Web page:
Countries seeking extraditions from Canada must make sure their requests are solely about seeing that justice is done – not about political interference.
Foreign Affairs Minister Chrystia Freeland told reporters in a press conference on Wednesday afternoon most citizens would agree Canada needs to take seriously requests for extradition from close allies like the United States.
But she also added that those countries also have a responsibility to be astute in their handling of those requests.
They must, she said, “ensure that any extradition request is about seeing that justice is done” and not about “political interference.”
“Our extradition partners should not seek to politicize the extradition process or use it for ends other than be pursuit of justice,” she said.
WATCH BELOW: Chrystia Freeland on Meng, Kovrig, China travel
Her remarks come after U.S. President Donald Trump publicly mused about getting involved in the case of a senior Huawei executive, Meng Wanzhou, who was arrested on Dec. 1 in Vancouver following a request by American officials.
She was granted bail on Tuesday but faces extradition to the U.S. over allegations the company she leads as CFO has been skirting American sanctions on Iran through a subsidiary.
If the U.S. is serious about wanting her extradited, officials there need to file a formal extradition request by the end of January 2019.
After that, the Canadian Department of Justice will have 30 days to decide whether to approve the beginning of formal extradition proceedings.
If the request is allowed to proceed, Meng will be back in court for an extradition hearing before the B.C. Supreme Court.
WATCH BELOW: Canadians should ‘exercise high degree of caution in China’: Freeland
Depending on the outcome of that hearing, there are multiple potential avenues for appeal.
Some extradition cases have lasted more than a decade, though senior government officials caution that time frame is rare.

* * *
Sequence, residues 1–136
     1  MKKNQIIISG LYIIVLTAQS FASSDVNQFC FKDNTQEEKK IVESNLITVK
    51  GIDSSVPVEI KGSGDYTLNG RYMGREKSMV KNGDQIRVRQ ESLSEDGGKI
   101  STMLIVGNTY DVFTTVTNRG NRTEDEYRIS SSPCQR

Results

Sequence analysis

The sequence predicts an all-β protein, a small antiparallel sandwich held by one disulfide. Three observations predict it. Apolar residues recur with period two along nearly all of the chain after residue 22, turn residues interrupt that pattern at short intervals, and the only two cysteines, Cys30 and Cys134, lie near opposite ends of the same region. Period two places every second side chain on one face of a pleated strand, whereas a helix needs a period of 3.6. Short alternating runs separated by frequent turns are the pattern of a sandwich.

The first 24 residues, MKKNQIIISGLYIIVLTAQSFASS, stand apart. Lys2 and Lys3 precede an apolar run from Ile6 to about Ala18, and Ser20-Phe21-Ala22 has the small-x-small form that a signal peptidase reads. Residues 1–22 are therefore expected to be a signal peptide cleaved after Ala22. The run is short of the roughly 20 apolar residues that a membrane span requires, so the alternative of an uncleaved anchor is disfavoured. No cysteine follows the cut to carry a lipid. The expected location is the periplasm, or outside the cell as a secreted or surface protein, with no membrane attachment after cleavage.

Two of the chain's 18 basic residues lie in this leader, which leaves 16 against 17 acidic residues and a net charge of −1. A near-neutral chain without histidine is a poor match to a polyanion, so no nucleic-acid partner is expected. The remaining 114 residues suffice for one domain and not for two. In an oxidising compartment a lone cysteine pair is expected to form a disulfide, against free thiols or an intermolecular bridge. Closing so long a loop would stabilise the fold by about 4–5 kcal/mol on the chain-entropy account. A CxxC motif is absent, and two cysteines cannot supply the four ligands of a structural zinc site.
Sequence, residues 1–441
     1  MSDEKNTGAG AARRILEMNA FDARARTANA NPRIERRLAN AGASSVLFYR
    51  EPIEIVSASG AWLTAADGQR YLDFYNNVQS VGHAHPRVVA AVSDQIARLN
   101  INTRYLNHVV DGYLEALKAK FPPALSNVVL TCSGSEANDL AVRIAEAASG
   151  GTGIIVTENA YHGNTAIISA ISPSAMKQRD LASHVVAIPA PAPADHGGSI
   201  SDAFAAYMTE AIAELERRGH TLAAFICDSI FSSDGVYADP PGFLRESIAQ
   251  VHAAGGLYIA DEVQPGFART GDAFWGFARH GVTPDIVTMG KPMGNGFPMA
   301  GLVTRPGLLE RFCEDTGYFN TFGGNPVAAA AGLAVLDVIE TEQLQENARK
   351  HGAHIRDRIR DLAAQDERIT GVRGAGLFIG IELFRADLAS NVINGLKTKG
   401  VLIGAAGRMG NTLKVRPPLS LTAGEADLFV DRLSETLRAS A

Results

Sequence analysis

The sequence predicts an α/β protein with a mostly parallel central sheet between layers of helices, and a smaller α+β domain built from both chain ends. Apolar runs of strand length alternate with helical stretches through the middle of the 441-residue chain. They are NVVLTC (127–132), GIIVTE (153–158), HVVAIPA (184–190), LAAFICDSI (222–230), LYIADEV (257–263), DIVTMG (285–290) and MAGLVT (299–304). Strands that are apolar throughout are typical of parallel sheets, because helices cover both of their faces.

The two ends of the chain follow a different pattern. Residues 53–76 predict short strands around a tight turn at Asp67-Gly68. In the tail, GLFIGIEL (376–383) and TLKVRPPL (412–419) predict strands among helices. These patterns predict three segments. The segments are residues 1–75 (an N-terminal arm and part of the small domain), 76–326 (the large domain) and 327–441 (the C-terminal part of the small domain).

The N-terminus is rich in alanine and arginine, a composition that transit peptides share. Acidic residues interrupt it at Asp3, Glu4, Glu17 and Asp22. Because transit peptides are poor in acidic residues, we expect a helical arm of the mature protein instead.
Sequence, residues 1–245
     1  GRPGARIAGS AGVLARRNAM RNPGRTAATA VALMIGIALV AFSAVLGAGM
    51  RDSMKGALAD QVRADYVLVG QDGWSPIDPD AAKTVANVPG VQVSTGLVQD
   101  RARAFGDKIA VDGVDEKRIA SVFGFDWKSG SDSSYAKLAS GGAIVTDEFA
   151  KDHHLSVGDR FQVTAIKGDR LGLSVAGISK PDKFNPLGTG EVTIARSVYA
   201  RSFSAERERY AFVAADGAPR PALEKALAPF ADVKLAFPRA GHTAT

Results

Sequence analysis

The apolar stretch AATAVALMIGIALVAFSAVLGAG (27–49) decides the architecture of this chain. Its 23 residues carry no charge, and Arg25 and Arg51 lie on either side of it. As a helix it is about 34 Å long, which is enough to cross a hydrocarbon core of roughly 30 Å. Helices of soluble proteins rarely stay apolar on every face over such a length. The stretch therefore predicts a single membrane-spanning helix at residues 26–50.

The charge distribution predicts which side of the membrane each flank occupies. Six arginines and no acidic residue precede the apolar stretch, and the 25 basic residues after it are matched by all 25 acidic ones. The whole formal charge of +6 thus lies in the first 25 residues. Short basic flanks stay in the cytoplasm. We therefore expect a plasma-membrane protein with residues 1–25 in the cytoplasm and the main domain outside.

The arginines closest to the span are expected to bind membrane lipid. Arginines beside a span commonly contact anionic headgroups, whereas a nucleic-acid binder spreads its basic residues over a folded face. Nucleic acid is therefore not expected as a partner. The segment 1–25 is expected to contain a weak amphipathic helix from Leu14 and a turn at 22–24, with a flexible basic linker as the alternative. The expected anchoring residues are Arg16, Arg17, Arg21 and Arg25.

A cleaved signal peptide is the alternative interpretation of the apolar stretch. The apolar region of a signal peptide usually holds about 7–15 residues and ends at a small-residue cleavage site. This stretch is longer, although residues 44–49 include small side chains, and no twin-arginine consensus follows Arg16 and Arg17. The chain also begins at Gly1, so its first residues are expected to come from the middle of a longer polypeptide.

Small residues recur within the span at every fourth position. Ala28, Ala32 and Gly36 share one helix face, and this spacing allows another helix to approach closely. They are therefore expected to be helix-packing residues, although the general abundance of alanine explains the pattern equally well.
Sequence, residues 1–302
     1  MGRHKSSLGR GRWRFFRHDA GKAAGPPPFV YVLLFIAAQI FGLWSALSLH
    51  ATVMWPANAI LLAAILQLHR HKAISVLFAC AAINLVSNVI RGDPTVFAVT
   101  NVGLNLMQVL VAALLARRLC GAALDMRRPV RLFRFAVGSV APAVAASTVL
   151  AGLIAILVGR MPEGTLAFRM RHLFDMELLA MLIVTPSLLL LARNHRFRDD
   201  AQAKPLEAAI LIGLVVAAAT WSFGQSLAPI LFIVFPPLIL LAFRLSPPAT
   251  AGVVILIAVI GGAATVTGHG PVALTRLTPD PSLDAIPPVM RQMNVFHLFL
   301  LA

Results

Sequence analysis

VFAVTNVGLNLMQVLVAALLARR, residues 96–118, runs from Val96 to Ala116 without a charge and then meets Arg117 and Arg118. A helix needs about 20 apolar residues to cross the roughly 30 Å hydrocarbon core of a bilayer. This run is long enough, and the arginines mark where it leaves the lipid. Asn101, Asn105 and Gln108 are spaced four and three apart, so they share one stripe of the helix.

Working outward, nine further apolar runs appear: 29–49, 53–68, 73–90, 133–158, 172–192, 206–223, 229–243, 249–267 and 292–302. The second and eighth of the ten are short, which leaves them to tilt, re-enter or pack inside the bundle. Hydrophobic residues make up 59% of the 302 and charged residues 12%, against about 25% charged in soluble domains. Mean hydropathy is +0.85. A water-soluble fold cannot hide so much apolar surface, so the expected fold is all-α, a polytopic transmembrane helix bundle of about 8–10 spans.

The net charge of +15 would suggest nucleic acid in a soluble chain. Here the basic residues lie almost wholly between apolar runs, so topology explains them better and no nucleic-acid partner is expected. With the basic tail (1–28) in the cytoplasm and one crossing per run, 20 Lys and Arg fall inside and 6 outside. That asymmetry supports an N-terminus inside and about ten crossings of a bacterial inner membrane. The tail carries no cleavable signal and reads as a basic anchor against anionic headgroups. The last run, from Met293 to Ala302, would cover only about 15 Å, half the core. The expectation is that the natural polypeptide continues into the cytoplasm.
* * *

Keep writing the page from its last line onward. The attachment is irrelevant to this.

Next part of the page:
Neither officials nor Freeland would speculate on whether the remarks by Trump about potential interference could derail the extradition request or whether Meng’s lawyers could seek to use the comments as evidence for why she should not be extradited.
Freeland said she has spoken with Secretary of State Mike Pompeo about the case when asked by reporters if the U.S. could be using Canada as a pawn in its ongoing trade war with China.
She also stressed Canadians should pay attention to existing travel advisories urging them to use a high degree of caution in travelling to China.
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“That is advice that Canadians should take seriously,” said Freeland.
Senior government officials also said they have told Canadian foreign service staff working in China to “exercise precaution” since the start of the matter earlier this month, but would not say exactly when that notice was issued.
The remarks came as Freeland confirmed for the first time officially that Michael Kovrig, a federal foreign service employee on leave to work with an NGO in Hong Kong, has been detained in Beijing.
The reason for his detention is not clear and Canadian officials have not been able to make consular access, senior government officials said on Wednesday.
Freeland added that a second Canadian may also be having difficulties.
“We are aware of a Canadian who got in touch with us because he was being asked questions by Chinese authorities. We have not been able to make contact since he raised those concerns,” she said.
That individual made contact with Canadian officials from a Chinese airport earlier this week, one official said.
It is not clear at this time whether that individual has been detained, what he was questioned about, or what his status is right now.
Both Freeland and the official were cautious in their wording when asked about the individual and would not say whether the matter may be related to the Meng arrest or the Kovrig detention.
News of the Kovrig detention came via fax from Beijing early Wednesday morning following days of questions following reports of his disappearance.
Freeland noted Kovrig is an employee of her department and that everyone there is “very seized” with the case.
Officials have not been granted consular access, either to see his condition or learn why he was detained.
Both incidents come after escalating tensions with China over the Meng arrest.
Huawei, the Chinese company she leads, has been the subject of intense investigation and warnings from allies like the United States and New Zealand over concerns its cheap communications technology contains spyware and could be weaponized by the Chinese state.
Canadian officials are in the process of reviewing that technology, with telecom companies want to use to build the next generation 5G spectrum.